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Raymond Tuttle
Fanfare, March 2017

In these readings, which one might call highly “interpreted,” Vogt has used the scores as mere starting points. Much of his phrasing, dynamic gradations, and decisions about color, touch, and tone seem to come from reading between the lines, or from wanting to present the music to listeners as he hears it internally. Vogt has definite ideas about Schubert and Schubert’s music… This is music that reflects despair, presentiments of death, and attempts to self-comfort.

This is recommended, unless you are under treatment for clinical depression. In that case, you might want to ask your doctor first! © 2017 Fanfare Read complete review

Huntley Dent
Fanfare, March 2017

Whenever a performer displays such finesse and feeling, the listening experience rises to a higher level. Vogt has always been what I’d describe as a touch pianist but without the finickiness that irritates me with Lupu and Schiff in their Schubert. The whirling Impromptu No. 2 is done with plenty of consideration for its finer points, and the turbulent middle section has Beethoven’s inwardness in mind. The dreaming melody of No. 3 is handled with a lovely tenderness and delicate rubato. The stop-and-go hesitations of Impromptu No. 4 are expertly knit together with the flowing line. In all, a wonderful set to rival Uchida, Perahia, Lewis, and yes, Brendel, who was at his best in this music. © 2017 Fanfare Read complete review

Bruno Repp
American Record Guide, March 2017

Lars Vogt (b. 1970) is one of Germany’s most eminent pianists and a fine Schubertian. While the pieces on this program, apart from the German Dances, are familiar and have been recorded many times, Vogt’s interpretations need not fear comparisons. His ability to play quietly and thereby create a rapt atmosphere must be especially commended. © 2017 American Record Guide Read complete review on American Record Guide

Hugo Shirley
Gramophone, December 2016

Much of the playing is forthright and determined. There is some quiet playing of lovely stillness, too, such as in the wistful pianissimo major-key passages in the First Impromptu (at 3’42”, for example), even if most drops in volume tend also to herald drops in tempo.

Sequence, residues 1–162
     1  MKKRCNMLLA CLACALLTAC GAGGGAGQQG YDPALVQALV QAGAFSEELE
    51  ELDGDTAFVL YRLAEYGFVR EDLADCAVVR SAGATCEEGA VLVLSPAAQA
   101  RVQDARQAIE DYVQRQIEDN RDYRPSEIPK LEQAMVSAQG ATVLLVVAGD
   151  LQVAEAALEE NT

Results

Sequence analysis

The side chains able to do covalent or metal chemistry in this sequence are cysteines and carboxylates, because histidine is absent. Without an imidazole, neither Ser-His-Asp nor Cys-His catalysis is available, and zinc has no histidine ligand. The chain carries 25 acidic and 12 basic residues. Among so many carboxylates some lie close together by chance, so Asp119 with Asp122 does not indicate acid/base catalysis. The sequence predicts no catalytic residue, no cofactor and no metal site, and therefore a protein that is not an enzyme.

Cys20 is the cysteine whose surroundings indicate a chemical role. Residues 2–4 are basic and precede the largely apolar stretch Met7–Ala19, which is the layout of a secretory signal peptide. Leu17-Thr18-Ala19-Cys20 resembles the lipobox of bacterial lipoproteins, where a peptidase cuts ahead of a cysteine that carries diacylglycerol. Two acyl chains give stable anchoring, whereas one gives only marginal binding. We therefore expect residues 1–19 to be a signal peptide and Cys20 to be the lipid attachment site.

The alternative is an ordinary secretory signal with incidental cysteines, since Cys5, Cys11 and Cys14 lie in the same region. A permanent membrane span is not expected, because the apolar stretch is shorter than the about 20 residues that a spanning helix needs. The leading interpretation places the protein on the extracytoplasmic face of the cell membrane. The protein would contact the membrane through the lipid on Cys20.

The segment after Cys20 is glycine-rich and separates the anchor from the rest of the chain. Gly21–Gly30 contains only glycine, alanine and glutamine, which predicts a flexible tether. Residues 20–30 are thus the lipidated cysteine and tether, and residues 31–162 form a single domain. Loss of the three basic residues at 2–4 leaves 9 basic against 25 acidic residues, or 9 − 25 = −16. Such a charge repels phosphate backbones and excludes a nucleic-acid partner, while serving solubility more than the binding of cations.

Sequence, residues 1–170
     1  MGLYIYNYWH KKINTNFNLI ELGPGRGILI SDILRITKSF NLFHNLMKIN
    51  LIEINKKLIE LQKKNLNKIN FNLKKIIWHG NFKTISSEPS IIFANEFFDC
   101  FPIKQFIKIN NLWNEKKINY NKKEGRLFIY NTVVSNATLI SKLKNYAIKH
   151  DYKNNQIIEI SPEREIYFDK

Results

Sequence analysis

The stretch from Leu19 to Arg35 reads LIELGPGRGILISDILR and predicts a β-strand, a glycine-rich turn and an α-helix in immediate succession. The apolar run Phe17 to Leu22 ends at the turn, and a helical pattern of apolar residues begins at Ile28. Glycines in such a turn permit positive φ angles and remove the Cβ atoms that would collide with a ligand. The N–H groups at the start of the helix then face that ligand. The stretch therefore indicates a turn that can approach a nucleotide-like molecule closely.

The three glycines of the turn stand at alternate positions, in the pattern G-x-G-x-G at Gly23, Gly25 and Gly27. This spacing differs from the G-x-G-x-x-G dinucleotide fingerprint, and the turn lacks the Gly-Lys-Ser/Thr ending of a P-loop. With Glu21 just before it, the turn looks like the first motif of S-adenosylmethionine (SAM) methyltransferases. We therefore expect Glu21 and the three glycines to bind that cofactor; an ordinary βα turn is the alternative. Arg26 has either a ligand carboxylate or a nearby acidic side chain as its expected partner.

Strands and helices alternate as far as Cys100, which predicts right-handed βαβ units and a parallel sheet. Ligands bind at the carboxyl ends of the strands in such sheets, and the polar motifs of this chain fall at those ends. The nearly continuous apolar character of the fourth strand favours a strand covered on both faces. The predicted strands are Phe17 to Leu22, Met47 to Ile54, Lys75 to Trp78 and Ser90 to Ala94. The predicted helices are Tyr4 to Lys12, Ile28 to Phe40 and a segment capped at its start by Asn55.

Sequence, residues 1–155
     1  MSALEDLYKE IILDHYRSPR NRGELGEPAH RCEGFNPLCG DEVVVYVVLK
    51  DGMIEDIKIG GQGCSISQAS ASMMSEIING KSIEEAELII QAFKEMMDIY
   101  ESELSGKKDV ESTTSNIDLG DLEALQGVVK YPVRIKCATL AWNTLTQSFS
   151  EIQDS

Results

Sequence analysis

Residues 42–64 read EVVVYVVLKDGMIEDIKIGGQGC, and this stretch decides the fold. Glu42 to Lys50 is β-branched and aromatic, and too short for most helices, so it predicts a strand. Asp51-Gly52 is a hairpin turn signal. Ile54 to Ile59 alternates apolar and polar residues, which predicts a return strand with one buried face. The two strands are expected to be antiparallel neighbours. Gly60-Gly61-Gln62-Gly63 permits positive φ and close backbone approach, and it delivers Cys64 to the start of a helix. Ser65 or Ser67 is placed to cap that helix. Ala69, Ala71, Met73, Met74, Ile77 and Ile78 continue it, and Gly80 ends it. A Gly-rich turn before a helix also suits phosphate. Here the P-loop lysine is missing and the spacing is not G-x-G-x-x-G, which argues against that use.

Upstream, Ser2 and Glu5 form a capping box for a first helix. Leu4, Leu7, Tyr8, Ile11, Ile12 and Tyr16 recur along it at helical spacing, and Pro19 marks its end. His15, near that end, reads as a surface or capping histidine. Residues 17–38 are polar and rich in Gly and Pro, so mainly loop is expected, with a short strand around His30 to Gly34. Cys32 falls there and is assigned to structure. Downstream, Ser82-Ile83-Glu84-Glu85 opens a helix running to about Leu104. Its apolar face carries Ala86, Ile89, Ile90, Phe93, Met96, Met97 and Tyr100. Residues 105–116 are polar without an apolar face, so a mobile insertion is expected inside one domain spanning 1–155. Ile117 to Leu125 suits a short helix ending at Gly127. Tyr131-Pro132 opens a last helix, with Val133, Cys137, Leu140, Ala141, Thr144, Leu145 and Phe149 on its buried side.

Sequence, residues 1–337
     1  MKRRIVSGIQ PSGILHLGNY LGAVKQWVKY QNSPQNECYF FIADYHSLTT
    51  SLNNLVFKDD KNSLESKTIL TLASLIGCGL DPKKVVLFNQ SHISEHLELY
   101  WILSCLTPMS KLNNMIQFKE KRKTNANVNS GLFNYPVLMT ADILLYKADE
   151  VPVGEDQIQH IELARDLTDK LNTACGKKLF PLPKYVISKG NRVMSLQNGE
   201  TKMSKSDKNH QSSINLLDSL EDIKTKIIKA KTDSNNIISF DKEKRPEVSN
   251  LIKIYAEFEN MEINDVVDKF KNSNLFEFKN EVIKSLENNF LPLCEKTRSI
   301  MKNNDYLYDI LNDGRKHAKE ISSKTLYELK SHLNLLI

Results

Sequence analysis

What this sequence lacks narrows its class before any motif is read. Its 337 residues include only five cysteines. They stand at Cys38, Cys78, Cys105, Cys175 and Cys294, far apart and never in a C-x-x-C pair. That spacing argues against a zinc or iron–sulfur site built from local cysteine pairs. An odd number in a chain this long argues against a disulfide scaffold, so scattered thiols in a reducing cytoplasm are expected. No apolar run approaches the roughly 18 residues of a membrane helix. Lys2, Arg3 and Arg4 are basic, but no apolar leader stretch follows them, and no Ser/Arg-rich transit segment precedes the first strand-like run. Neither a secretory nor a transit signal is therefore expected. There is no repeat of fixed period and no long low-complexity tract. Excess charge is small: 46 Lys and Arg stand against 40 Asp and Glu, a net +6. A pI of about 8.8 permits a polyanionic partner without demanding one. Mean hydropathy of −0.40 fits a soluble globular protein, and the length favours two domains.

Matters improve a great deal in the Fourth Impromptu, though, where Vogt’s rippling, silvery touch is especially beguiling. He also seems a great deal more settled in the Moments musicaux, which receive a very fine performance. There’s more wonderful pianissimo playing in No 2, a pleasing, jaunty jerkiness to No 3’s rhythms and real excitement in No 5. Vogt is more convincing too, if rather po-faced, in his take on the Deutsche Tänze, where he is happy to let the notes do the talking in a way that he’s reluctant to in the Impromptus. © 2016 Gramophone Read complete review on Gramophone

Oliver Fraenzke
Pizzicato, November 2016

Lars Vogt is a convincing Schubert performer, and if there is a lot of warmth in his playing, which does however not avoid the abysses of the music. © 2016 Pizzicato

Hank Zauderer
My Classical Notes, October 2016

The Impromptus D 899, Six German Dances D 820 and the famous Moments musicaux were written when Schubert was at the height of his maturity and they contain some of his most well-known pieces for the piano. © 2016 My Classical Notes Read complete review

David Denton
David's Review Corner, October 2016

Lars Vogt is one of the most interesting pianists of our time, the searching interpretations he has placed on disc continuing with this Schubert collection. He sets the scene in the Four Impromptus where his wide dynamic range goes down to a gentle pianissimo that in itself has many differing gradations. His fast fingers ripple effortlessly through the Second, though he has shown in the First that he is not someone who hurries through lyric passages he wishes to savour. Maybe here and there you will question some moments of rubato, and throughout the work you have the feel of someone playing to themselves and trying out the interpretive possibilities while we eavesdrop. Now and then he cherishes a particular moment, shaping rather than free-flowing the rippling music in the Fourth. In the German Dances he is more ready to let their simplicity rule, his view being that Schubert intended them to be sensitive and tender, introducing a moment of rustic joviality in the Fourth. Those who treasure, as I have done, Mitsuko Uchida’s somewhat wilful recording of Moments musicaux, will equally enjoy Vogt’s use of a personal view that carries such utter conviction that it eventually makes others look divested of tonal colour and beauty. You will again have to allow for a highly personal approach to some passages both in terms of tempo and rhythm, especially so in the popular Third, but it is a vision of the work I commend to you. The recording made in conjunction with German radio is superb. © 2016 David’s Review Corner

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